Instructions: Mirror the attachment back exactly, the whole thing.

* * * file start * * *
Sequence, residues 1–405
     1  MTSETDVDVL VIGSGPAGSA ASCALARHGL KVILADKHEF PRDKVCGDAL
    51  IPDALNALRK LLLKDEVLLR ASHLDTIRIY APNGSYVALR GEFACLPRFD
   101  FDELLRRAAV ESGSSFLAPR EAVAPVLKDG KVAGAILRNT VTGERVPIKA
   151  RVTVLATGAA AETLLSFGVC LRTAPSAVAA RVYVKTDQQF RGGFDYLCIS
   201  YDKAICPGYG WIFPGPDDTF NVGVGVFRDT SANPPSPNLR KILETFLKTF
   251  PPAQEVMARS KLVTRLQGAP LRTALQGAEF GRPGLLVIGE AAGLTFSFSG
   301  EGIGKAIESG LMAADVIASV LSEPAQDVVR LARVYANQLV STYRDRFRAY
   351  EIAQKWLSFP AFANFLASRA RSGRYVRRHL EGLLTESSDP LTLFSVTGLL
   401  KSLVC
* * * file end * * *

Sequence, residues 1–405
     1  MTSETDVDVL VIGSGPAGSA ASCALARHGL KVILADKHEF PRDKVCGDAL
    51  IPDALNALRK LLLKDEVLLR ASHLDTIRIY APNGSYVALR GEFACLPRFD
   101  FDELLRRAAV ESGSSFLAPR EAVAPVLKDG KVAGAILRNT VTGERVPIKA
   151  RVTVLATGAA AETLLSFGVC LRTAPSAVAA RVYVKTDQQF RGGFDYLCIS
   201  YDKAICPGYG WIFPGPDDTF NVGVGVFRDT SANPPSPNLR KILETFLKTF
   251  PPAQEVMARS KLVTRLQGAP LRTALQGAEF GRPGLLVIGE AAGLTFSFSG
   301  EGIGKAIESG LMAADVIASV LSEPAQDVVR LARVYANQLV STYRDRFRAY
   351  EIAQKWLSFP AFANFLASRA RSGRYVRRHL EGLLTESSDP LTLFSVTGLL
   401  KSLVC